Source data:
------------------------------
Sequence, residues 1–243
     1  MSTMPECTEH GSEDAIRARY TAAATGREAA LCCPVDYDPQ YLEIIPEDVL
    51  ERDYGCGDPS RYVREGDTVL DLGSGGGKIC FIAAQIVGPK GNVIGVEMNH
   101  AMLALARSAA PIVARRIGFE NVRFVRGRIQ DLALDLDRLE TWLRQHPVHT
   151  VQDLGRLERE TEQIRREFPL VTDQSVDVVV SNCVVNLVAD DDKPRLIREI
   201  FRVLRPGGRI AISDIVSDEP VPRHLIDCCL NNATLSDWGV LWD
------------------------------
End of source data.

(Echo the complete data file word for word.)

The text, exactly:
Sequence, residues 1–243
     1  MSTMPECTEH GSEDAIRARY TAAATGREAA LCCPVDYDPQ YLEIIPEDVL
    51  ERDYGCGDPS RYVREGDTVL DLGSGGGKIC FIAAQIVGPK GNVIGVEMNH
   101  AMLALARSAA PIVARRIGFE NVRFVRGRIQ DLALDLDRLE TWLRQHPVHT
   151  VQDLGRLERE TEQIRREFPL VTDQSVDVVV SNCVVNLVAD DDKPRLIREI
   201  FRVLRPGGRI AISDIVSDEP VPRHLIDCCL NNATLSDWGV LWD